Home and the hardware store

Below is a short section about the Faram Bros hardware store. I had written this early in the year to demonstrate on what sort of basis I claim some people care about what happens in buildings. In editing a lot of the detail went, so feel free to point out any obvious omissions.

In areas like the mixed use zone of Port Melbourne, there has been a major emphasis on residential development. While new commercial spaces have been created at the ground level, the increased financial value associated with these buildings and council planning policies have resulted in the area around the Bay Street shopping strip becoming lined with apartment developments.

Bay Street is where Faram Bros used to be. The closed down hardware store has been gutted, and at the time of writing it was waiting to be developed into apartments with ground floor commercial space. As the site waits to provide homes, it demonstrates how new housing can be seen as responsible for displacing the attachments of existing residents to a time thought of as ‘before the change’.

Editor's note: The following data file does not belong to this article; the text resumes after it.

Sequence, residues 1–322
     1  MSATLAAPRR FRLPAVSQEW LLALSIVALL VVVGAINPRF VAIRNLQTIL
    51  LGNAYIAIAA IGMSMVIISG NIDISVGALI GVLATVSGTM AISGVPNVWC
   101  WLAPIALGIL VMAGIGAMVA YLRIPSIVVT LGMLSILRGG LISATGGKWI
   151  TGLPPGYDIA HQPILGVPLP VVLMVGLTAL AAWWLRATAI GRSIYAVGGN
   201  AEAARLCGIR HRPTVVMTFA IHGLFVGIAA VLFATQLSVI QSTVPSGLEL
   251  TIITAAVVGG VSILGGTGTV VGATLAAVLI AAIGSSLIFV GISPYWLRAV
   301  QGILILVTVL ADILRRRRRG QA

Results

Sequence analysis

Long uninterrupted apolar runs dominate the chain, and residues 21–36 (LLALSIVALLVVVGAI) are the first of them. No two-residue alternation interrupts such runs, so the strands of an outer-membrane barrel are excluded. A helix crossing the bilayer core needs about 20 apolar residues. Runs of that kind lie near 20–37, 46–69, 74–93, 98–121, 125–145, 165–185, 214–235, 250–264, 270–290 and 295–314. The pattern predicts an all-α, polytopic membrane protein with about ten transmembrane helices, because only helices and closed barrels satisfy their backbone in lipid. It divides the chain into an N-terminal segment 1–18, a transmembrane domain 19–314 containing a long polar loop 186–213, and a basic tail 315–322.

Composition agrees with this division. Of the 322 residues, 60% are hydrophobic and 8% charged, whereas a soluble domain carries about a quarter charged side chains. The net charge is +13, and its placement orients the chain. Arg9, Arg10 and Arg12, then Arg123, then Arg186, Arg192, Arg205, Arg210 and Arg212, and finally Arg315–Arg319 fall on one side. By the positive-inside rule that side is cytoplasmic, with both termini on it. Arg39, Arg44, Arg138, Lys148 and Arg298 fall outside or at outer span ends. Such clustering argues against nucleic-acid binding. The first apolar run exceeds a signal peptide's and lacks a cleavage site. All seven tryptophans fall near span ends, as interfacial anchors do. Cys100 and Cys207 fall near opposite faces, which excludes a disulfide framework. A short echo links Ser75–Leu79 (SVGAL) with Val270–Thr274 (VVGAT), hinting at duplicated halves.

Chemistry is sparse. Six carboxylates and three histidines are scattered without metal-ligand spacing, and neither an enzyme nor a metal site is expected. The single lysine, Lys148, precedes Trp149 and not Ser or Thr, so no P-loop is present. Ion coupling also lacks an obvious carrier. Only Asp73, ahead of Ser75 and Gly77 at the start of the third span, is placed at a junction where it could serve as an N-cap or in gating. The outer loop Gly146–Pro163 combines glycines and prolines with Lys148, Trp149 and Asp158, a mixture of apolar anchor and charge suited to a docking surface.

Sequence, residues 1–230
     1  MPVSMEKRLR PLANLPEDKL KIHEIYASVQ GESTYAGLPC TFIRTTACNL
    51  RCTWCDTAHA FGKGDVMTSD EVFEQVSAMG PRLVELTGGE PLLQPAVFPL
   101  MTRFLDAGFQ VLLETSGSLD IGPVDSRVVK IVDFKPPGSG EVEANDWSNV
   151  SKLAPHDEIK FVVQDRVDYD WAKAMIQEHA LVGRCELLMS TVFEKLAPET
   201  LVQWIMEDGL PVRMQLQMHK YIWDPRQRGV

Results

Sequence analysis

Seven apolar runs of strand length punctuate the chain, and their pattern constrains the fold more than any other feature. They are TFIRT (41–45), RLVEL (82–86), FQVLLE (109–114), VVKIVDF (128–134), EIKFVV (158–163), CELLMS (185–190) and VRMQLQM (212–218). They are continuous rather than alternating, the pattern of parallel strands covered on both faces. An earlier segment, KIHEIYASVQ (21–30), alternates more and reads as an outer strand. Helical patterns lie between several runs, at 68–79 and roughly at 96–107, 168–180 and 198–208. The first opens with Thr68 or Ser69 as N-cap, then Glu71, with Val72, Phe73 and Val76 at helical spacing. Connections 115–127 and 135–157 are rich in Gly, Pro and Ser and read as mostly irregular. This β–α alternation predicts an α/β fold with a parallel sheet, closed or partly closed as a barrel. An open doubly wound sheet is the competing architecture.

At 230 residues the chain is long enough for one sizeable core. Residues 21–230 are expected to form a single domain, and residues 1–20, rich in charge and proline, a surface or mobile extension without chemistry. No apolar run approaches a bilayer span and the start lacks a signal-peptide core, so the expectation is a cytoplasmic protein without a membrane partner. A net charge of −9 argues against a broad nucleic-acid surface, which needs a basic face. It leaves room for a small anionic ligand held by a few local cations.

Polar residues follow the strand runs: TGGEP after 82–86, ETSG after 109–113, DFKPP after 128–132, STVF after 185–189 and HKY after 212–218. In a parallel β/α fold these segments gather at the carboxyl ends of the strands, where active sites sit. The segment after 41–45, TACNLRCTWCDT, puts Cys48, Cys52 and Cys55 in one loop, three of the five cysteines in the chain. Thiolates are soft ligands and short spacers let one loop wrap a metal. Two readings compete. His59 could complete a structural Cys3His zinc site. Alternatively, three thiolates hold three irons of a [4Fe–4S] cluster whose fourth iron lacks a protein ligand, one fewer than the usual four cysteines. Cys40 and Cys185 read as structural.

Faram Brothers Hardware Store was a place where they would fix your shopping jeep’s wheel and charge you only for the single screw. Its personalised service, and hand tallied bills are still recalled with fondness. The shop had been handed down one last time, father to son. After the father died, the shop was closed, sold and has now been gutted. The retention of the front walls and veranda posts was lamented as facadism by many people. On the other hand, as somebody else explained to me, it really was only a shed behind and so there was not much to keep.

People do talk about the way things were stacked on the shelves. The very mishmash of screws in little boxes on the tall shelves are missed. The change in use of the premises, so there is no longer a hardware where you could get personalised help and buy things in small quantities, is still lamented. Faram’s has been part of the commercial and social geography of many people in the area. Faram’s is no longer a place you can go, but when a shopping jeep wheel starts to wobble the store is still evoked in conversation. The object of the screw is not able to be obtained through this shop which no longer exists, but the idea of the shop is still able to be named, indicating a shared history in the group.

The loss of hardware store and anticipated building of apartments are the reconfiguration of the commercial and housing realm as a result of human practice. Faram’s was no longer commercially viable once its trade customers went elsewhere, both in terms of moving out of Port Melbourne to more affordable areas and in terms of no longer purchasing through a small, family run business.

The anticipated apartments will alter the built environment, or the physical landscape, but they may also alter the social world of Port Melbourne. The anticipated apartments would mean people living where once was air.

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